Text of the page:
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    Greg Abbott Tag

    The influx of blue state refugees fleeing to Texas has many concerned that the reliably red Lone Star State might be purpling. Apple's announcement of an upcoming Austin campus only added fuel to the worry fire. According to the latest data from the U.S. Census Bureau, Texas grew by 1,000 people per day this last year. Massive growth, even if half were babies.

    This is a developing story, so reports vary at this time. A shooting this morning at the First Baptist Church of Sutherland Springs, Texas has left at least 27 people dead and over two dozen more wounded.  The shooter was reportedly killed by police following a brief chase. Fox News reports:

    The mass shooting was reported at First Baptist Church of Sutherland Springs, which is about 30 miles southeast of San Antonio. The gunman has been fatally shot by police.

    Hey, give Joy Reid credit. At least she didn't go full Hitler analogy . . . On her MSNBC show this morning, Reid claimed that a recently-adopted Texas immigration law sounds "almost like an apartheid-era law." To support her alarmist claim, Reid badly mischaracterized the law, suggesting that under it, "any person can be stopped for any reason and asked essentially [to] show their papers." Her ACLU guest seemingly agreed, saying, "that's right." But she added that immigration-status inquiries can be made "once a person is legally detained," thus debunking Reid's suggestion that a person could be stopped and asked "for any reason."

    Texas Governor Greg Abbott signed a bill to effectively ban sanctuary cities in the state. Thing is, Abbott signed the bill on Facebook Live without giving any notice, which has left his critics with spinning heads. From Fox News:
    Abbott took the unusual step of signing the bill on Facebook with no advanced public notice. He said Texas residents expect lawmakers to "keep us safe" and said similar laws have already been tested in federal court, where opponents have already been hinting the bill will be immediately challenged. "Let's face it, the reason why so many people come to America is because we are a nation of laws and Texas is doing its part to keep it that way," Abbott said.

    The Texas legislature passed a bill Wednesday, banning sanctuary cities in the Lone Star State. Senate Bill 4 requires state law enforcement, including campus cops, to comply with federal immigration law and prohibits municipalities from creating policies or regulations that circumvent established federal laws. The bill specifically prohibits discrimination and allows the state to levy civil penalties on non-compliant entities. After the House approved changes made in the Senate, Senate Bill 4 heads to Governor Abbott's desk. "Banning sanctuary cities is about stopping officials who have sworn to enforce the law from helping people who commit terrible crimes evade immigration detainers. Senate Bill 4 protects all Texans though uniform application of the law without prejudice," said state Sen. Perry.

    The Boycott Divestment and Sanctions (BDS) movement is a well-financed international movement launched at the anti-Semitic 2001 Durban conference. The BDS movement falsely is portrayed as having launched as a 2005 grassroots call from Palestinian civil society. In fact, as I have proven, BDS  traces its roots back to the anti-Jewish Arab boycotts of the 1920s and 1930s, and is a variation on the Arab League boycott that reached its zenith in the 1970s, The REAL history of the BDS movement. The BDS movement seeks to slam university doors in the faces of Israelis, to prevent cultural exchanges, and to harm Israel economically through economic boycotts.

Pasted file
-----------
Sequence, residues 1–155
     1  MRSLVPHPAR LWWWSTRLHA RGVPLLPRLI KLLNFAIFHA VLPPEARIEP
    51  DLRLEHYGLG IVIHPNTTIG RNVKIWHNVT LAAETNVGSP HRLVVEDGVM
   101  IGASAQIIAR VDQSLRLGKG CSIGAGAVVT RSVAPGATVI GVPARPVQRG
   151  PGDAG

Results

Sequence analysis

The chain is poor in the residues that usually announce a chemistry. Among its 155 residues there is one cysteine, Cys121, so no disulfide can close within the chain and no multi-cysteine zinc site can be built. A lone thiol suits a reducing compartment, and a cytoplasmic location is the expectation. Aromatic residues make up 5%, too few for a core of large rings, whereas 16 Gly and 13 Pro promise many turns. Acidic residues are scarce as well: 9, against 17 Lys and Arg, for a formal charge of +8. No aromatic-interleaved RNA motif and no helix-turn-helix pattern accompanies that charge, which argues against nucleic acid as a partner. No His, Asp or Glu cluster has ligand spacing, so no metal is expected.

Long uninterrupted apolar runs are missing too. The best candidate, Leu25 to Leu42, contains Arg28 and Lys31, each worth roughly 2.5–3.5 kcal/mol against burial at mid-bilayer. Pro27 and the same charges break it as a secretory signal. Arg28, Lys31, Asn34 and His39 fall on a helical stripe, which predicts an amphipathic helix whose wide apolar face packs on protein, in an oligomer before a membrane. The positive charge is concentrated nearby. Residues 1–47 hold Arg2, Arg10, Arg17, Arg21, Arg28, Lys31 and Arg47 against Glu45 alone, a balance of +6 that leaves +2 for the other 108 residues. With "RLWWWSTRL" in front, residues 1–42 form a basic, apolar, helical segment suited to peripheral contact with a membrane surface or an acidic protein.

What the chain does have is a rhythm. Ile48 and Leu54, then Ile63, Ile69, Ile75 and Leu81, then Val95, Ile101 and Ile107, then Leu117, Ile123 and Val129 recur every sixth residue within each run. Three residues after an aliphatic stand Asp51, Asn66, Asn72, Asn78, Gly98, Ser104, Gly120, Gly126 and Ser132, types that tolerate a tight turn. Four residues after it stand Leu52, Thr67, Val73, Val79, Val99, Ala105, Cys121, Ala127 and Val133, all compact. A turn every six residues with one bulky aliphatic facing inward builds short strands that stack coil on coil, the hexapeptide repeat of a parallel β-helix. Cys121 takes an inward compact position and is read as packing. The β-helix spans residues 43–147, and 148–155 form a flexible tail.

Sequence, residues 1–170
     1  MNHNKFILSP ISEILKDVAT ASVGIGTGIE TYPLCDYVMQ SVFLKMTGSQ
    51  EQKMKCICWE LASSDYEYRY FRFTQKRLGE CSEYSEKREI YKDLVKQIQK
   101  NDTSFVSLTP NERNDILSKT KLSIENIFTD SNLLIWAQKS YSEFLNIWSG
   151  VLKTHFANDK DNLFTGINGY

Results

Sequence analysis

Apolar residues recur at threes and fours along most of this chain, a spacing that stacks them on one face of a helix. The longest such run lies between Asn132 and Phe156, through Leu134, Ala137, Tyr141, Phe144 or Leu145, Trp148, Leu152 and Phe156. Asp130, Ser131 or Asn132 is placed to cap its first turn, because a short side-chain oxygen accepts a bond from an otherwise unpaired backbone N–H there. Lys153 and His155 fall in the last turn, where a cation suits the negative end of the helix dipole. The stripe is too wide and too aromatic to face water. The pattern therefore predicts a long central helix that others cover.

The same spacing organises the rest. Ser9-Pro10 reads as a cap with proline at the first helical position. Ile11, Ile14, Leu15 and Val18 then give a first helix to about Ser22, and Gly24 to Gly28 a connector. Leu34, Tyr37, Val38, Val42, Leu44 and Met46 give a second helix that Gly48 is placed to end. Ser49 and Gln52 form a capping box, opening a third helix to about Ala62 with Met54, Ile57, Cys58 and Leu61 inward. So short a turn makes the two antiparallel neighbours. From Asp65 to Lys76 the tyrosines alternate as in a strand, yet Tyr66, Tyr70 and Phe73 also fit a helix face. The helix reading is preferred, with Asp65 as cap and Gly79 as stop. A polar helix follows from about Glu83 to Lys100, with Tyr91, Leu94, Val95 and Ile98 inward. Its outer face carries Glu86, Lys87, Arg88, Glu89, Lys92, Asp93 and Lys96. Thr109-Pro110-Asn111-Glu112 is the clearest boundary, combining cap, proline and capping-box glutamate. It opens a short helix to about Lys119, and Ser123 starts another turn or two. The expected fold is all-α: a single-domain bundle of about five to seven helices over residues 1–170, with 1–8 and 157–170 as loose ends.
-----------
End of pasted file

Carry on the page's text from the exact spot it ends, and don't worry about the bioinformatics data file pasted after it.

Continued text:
Now that Texas governor Greg Abbott has been in office for a while, it's easy to see why he beat Wendy Davis so handily. Abbott is pushing back against what he, and many others, see as an overreaching federal government. The Dallas Morning News reports:
    Texas Gov. Greg Abbott calls for Convention of States to take back states’ rights Gov. Greg Abbott, aiming to spark a national conversation about states’ rights, said Friday that he wants Texas to lead the call for a convention to amend the U.S. Constitution and wrest power from a federal government “run amok.”

    We're less than 6 hours into the first day of early voting in Texas, and we've already documented evidence of first (electoral) blood between gubernatorial candidates Greg Abbott and Wendy Davis. Behold: These tweets source back to Abbott's recent interview with the San Antonio Express-News editorial board, in which he brushed aside questions regarding a hypothetical (and highly unconstitutional) scenario regarding a ban on interracial marriage (click through to Salon if you hit a paywall):
    In an interview with San Antonio Express-News editorial board, flagged by Talking Points Memo, Abbott, who is married to a Latina, objected to answering the “hypothetical” question. “Right now, if there was a ban on interracial marriage, that’s already been ruled unconstitutional,” he told the paper. “And all I can do is deal with the issues that are before me … The job of an attorney general is to represent and defend in court the laws of their client, which is the state Legislature, unless and until a court strikes it down.” Challenged on the vagueness of his answer, Abbott continued to evade the question. “Actually, the reason why you’re uncertain about it is because I didn’t answer the question. And I can’t go back and answer some hypothetical question like that,” Abbott said.
    He didn't "evade" their "gotcha" question; he stated that the ban would be unconstitutional and moved on. But even if we allow ourselves to assume that there is indeed some sort of secret Greg Abbott Interracial Marriage Ban Conspiracy brewing at campaign headquarters, there's still a bit of a problem with Davis's allegations:
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